Broker Employment Transition Ends in Jury Verdict Finding Fraud: Lessons Learned

Posted on August 19th, 2014 at 3:33 PM

From the Desk of Jim Eccleston at Eccleston Law Offices:

What should have been an unremarkable employment transition, from brokerage firm stockbroker to owner of a new investment advisory firm, ended in disaster for Benjamin Lee Grant and his firm, Sage Advisory Group, LLC (“Sage”).  A Boston jury recently agreed with the Securities and Exchange Commission (SEC) that the defendants committed fraud in connection with the employment transition.  Let’s explore what went wrong.

Benjamin Grant had been a successful broker.  Prior to October, 2005, he was a registered representative at Wedbush Morgan Securities (“Wedbush”), with 300 customer accounts and more than $100 million under management.  Virtually all of the customers’ assets in turn were managed by First Wilshire Securities Management, Inc. (“First Wilshire”), an investment firm based in California.  Grant resigned from Wedbush Morgan Securities in September, 2005 to go into business for himself as Sage.

So far, so good.  Brokers do change jobs, and some go into business for themselves by starting their own investment advisory firms.  Furthermore, those who leave their firms typically seek to transfer their customer accounts to their next firm. 

Not so, the SEC alleged.  Starting on or about October 4, 2005, the SEC alleged that Benjamin Grant engaged in a fraudulent scheme to induce his former brokerage customers to transfer their assets to Sage, his new advisory firm.  The allegation appears to be based solely upon a letter that Grant sent his customers on October 4, 2005, and upon subsequent communications related to that letter.  The material representations of Grant’s letter, according to the SEC, are:

  • At the suggestion of First Wilshire, customer accounts were being moved from Wedbush to a discount broker and that Sage had been formed to handle their investments.  
  • The charge to customers for their accounts was changing from a 1% management fee paid to First Wilshire (plus Wedbush's brokerage commissions) to a 2% "wrap fee" paid to Sage.
  • First Wilshire had indicated that the wrap fee historically had been less expensive than the previous arrangement.  
  • If customers wanted to avoid any disruption in First Wilshire's management of their assets, they had to sign and return the new advisory and custodial account documents as soon as possible.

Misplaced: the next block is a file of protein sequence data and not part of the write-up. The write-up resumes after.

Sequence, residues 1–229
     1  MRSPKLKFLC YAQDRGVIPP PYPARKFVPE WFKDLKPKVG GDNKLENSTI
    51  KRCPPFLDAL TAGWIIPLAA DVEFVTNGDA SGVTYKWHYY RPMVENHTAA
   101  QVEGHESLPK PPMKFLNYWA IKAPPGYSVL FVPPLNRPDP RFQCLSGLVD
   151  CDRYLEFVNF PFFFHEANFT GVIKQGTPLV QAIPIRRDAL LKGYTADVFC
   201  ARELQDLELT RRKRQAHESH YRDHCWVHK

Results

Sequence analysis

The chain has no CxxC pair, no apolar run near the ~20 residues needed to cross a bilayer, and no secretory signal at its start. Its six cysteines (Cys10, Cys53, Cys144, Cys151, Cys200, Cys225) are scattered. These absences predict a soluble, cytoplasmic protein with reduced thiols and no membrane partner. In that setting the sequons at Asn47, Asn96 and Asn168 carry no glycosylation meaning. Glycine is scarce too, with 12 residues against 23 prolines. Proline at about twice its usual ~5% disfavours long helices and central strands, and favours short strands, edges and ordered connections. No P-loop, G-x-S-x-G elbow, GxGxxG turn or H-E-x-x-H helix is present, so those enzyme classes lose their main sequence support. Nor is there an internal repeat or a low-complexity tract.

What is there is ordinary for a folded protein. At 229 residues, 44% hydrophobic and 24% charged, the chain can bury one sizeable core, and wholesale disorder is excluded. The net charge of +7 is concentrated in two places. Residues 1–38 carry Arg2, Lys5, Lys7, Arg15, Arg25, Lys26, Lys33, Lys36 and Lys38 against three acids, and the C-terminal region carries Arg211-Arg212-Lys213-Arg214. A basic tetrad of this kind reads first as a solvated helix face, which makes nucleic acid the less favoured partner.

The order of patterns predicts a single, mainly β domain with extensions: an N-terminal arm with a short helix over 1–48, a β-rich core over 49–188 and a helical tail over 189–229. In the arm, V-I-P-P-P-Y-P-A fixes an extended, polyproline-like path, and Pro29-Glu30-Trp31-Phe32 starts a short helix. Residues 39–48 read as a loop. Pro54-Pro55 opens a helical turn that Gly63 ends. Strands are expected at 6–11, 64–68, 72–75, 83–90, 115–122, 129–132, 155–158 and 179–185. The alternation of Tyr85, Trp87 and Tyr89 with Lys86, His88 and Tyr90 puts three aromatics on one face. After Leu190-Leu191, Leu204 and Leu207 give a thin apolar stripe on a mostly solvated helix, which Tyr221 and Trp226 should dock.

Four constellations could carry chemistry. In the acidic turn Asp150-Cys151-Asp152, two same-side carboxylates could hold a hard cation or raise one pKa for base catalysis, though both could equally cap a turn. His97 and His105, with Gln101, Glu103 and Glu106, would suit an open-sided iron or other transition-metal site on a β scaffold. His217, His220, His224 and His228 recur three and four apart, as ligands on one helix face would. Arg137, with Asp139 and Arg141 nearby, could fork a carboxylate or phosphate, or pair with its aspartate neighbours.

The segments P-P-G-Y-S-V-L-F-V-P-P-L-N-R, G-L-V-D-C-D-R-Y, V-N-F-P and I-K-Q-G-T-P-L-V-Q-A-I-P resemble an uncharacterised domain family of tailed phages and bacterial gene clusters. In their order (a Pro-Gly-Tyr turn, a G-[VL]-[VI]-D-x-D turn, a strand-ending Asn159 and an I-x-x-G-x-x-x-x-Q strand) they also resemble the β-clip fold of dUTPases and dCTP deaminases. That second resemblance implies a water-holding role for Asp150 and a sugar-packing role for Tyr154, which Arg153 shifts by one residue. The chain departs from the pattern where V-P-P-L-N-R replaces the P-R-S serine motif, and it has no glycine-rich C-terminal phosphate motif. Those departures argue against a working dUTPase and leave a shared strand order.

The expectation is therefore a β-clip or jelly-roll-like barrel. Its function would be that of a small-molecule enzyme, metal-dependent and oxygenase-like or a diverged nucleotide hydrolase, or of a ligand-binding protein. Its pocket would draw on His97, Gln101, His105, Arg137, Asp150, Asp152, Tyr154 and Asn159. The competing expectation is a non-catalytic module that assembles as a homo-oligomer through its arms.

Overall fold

Additionally, the complaint alleged that in subsequent conversations with customers, Grant told them that First Wilshire no longer was willing to manage their assets at Wedbush and that they had to transfer to the discount broker and sign up with Sage.

What did the SEC fault?  The SEC alleged (and a jury verdict confirmed) that those written and oral statements were materially false and misleading.  Why?  A few reasons:

  • First Wilshire had not required a transfer from Wedbush.
  • First Wilshire had not refused to continue managing the customers' assets at Wedbush.
  • First Wilshire had not authorized Grant's statements.

Moreover, the SEC alleged that Grant's wrap fee statements were without factual basis. In particular, Grant failed to disclose that, while the switch from Wedbush to the discount broker would result in significant savings, those savings would flow to Grant and Sage rather than to the advisory clients!  Grant failed to disclose that, as a result, Grant and Sage's compensation would be substantially increased. Indeed, once Grant's customers transferred their accounts from Wedbush to Sage, Grant more than doubled his own compensation!

In short order – after a mere 2 hour jury deliberation – the jury found fraud.  Both defendants were found to have violated Sections 204A and 206(1), (2), and (4) of the Investment Advisers Act of 1940 and Rules 204A-1 and 206(4)-7 thereunder.  

Notably, in 2011, the SEC filed a separate civil injunctive action against Grant’s father, Jack Grant.  That civil action alleged that Jack Grant, a lawyer and former stockbroker, had violated a SEC bar from association with investment advisers by associating with his son Benjamin Grant's investment advisory firm, Sage, and by acting as an investment adviser himself. The Complaint further alleged that Jack Grant, Benjamin Grant and Sage fraudulently failed to disclose Jack Grant's checkered disciplinary history, including that he had been barred, to Sage's advisory clients.  Jack Grant consented to settle the charges.

This case undoubtedly involved an employment transition that went very badly and which was based upon extreme facts.  However, brokers and financial advisers of all stripes need to be careful in planning their employment transitions, with the assistance of competent legal counsel, and in not over-selling the reasons why their customers should follow them to their next firm.

The attorneys of Eccleston Law Offices represent investors and advisers nationwide in securities and employment matters. Our attorneys draw on a combined experience of nearly 50 years in delivering the highest quality legal services.

Related Attorneys: James J. Eccleston


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We just wanted to say thanks for your work in helping us get back some of the money we lost. We are not by any means rich, but we have saved some money and we have done so through a tight-fisted approach to most everything we do. So losing a significant chunk of money hurt…especially at a time when everyone else was growing their accounts. We really appreciate the work you did.

Allan and Adele


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